“What about all the petitions that were written, sent in and acknowledged about this 2008/2010 regime at the Army headquarters. We are aware there were about 26 petitions last year alone?”
The Group said that while it cannot hold fort for those accused in the Interim Report, as they would have their days in court, the probe should be all encompassing and thorough.
The statement further read: “Recall that in setting up the 13-member panel last year, the President’s spokesman, Femi Adesina, listed among others that “the committee will specifically investigate allegations of non-adherence to correct equipment procurement procedures and the exclusion of relevant logistics branches from arms procurement under past administrations, which, very often resulted in the acquisition of sub-standard and unserviceable equipment.
“Accordingly, the latitude of this mandate is enough to catch the smallest fish in the water. The books and equipment are there. They should go back and look at them. Nobody is prompting them to manufacture sins but the sins of those three years are certainly there.”
“A sitting service chief was quickly cleared by the Defence Minister hours after an online publication ran a story on acquisition of property outside the country. More bizarre was the clearance by the Code of Conduct Bureau, an agency that has never before now honoured any inquiry directly or through the Freedom of Information Act.
“GOING BY TRADE MARK OF THIS GOVERNMENT, THE REPORTS OF ARMS PROCUREMENT BETWEEN 2007 – 2010 MAY NEVER BE AVAILABLE. MARK OUR WORDS. BUT THERE’S LIFE BEYOND 2019 AND QUESTIONS WOULD STILL BE ASKED. WE ARE WATCHING AND WAITING.”
Another angle to the arms controversy involves Air Commodre Umar Muhammaed, who has since been arrested for receiving bribes from some of the accused persons.
According to Saturday Tribune sources, Umar Muhammed was a course mate and close confidant of Adesola Amosun. However, he decided to voluntarily retire less than one year to the date he would have been pulled out based on age and rank. Amosun continued and just a few months to his retirement was made Chief of Air Staff. Security sources said that when Amosun emerged Air Chief, their friendship further blossomed. Incidentally, Muhammed found himself in the panel probing his friend.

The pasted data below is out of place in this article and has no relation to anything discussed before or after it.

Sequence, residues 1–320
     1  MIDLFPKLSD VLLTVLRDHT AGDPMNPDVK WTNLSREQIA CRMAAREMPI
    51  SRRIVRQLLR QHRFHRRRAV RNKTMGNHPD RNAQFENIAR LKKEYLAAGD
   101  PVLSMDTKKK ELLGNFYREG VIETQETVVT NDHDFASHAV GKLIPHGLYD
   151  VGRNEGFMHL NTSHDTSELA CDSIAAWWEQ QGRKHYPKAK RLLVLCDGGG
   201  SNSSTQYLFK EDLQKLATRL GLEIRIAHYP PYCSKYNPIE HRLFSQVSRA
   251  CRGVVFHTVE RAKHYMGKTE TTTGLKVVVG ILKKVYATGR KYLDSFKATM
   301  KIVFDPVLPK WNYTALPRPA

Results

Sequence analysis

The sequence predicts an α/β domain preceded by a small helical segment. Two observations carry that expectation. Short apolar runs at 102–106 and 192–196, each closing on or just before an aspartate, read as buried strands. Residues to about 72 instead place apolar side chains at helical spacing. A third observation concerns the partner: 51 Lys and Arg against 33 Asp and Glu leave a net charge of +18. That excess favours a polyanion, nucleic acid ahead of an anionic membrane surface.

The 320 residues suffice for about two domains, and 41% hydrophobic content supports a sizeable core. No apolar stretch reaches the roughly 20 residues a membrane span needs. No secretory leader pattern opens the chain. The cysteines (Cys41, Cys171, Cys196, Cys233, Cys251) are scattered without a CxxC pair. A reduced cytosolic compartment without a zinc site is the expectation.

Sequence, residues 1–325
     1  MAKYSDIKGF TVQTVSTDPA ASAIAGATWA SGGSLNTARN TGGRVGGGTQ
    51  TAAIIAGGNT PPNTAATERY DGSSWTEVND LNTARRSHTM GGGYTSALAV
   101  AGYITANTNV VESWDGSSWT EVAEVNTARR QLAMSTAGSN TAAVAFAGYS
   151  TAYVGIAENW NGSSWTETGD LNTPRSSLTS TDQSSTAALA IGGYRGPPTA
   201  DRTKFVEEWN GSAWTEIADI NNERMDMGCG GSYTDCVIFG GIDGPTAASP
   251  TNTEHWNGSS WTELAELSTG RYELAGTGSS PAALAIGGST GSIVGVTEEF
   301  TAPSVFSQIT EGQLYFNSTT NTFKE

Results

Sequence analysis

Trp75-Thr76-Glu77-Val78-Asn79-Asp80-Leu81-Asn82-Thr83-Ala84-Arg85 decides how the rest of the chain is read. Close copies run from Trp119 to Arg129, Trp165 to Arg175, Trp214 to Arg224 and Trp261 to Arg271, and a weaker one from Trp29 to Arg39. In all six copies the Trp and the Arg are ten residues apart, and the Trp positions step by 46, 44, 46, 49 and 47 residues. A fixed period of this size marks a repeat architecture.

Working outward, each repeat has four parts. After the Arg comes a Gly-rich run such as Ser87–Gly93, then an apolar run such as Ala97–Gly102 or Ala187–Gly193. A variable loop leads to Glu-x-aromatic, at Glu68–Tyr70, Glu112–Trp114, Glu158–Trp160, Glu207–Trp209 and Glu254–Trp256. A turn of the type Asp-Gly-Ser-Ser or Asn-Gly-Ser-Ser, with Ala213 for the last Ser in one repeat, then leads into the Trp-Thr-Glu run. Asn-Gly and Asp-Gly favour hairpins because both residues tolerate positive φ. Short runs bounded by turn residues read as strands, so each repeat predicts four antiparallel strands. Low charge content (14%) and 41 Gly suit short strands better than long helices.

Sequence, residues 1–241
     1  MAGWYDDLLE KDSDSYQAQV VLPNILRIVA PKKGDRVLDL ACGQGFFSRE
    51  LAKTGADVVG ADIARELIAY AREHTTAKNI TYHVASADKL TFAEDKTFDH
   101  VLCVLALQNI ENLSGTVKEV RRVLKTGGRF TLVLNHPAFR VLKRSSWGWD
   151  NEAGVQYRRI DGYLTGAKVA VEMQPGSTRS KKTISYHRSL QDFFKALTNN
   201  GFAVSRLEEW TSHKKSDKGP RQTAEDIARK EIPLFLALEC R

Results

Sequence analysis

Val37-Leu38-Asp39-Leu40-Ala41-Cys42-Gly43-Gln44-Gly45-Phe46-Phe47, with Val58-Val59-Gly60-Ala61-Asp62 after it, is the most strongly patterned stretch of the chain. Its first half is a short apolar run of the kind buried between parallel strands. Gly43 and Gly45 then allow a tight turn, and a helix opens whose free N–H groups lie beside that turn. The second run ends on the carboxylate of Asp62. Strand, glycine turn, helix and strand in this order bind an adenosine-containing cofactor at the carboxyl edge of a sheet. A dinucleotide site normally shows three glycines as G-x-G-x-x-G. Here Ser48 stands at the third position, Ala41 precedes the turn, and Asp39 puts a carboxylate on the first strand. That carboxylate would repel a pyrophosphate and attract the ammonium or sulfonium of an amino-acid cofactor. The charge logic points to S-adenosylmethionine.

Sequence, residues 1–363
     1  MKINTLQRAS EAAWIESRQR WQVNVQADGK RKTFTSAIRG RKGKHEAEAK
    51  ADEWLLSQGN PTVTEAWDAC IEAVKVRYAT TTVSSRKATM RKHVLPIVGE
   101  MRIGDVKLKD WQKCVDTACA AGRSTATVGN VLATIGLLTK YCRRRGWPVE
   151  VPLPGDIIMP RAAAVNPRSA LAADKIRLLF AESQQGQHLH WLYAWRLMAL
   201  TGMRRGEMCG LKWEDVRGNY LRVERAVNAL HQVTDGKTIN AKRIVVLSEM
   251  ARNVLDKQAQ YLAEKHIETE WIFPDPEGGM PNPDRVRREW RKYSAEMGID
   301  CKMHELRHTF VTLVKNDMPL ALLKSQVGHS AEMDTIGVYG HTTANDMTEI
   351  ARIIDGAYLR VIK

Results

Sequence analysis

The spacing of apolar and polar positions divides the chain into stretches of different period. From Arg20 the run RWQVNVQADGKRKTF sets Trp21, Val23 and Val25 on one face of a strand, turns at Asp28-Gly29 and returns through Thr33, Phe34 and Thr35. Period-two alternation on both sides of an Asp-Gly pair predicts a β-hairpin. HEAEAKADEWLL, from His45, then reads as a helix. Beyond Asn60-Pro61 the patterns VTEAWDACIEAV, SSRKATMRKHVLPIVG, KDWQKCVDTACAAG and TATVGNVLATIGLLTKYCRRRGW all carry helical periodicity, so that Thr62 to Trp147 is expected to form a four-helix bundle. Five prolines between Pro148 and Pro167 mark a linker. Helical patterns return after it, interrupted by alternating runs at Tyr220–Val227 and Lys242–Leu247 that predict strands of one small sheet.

One day, Muhammed woke up to find security operatives in his Maitama home with a warrant of search. During the search, some arms and $1.5 million cash were alleged to have been found. A security source told our correspondent that Muhammed was billed to appear in court last week. However, that was further delayed and he was still being kept in custody as at the time of this report.
Associates of Muhammed have accused some key members of the Buhari administration of being behind his ordeal, insisting that it was “a hatchet job, a plot framed by few cabal in the inner circle to get back at Umar for insisting procurement in the army between 2007-2010 when a top military chief was in charge of procurement.”
They alleged that while the panel had unhindered access verifying files, documents of every other arms of the military leading to unearthing of huge diversion of funds by some military top brass that are now facing various corrupt charges by the EFCC, that of the Nigeria Army was resisted. “The procurement by the army between 2007 and 2010, was the period the present Chief of Army Staff Lt. Gen. Tukur Buratai held sway as procurement presiding officer. The panel had hectic time carrying out the verification of procurement done by the army.”
Aside Dasuki who it was alleged had personal issues with Buhari, most other military officers indicted and being tried for contravening procurement processes in the purchase of arms are those who originated from outside a particular divide.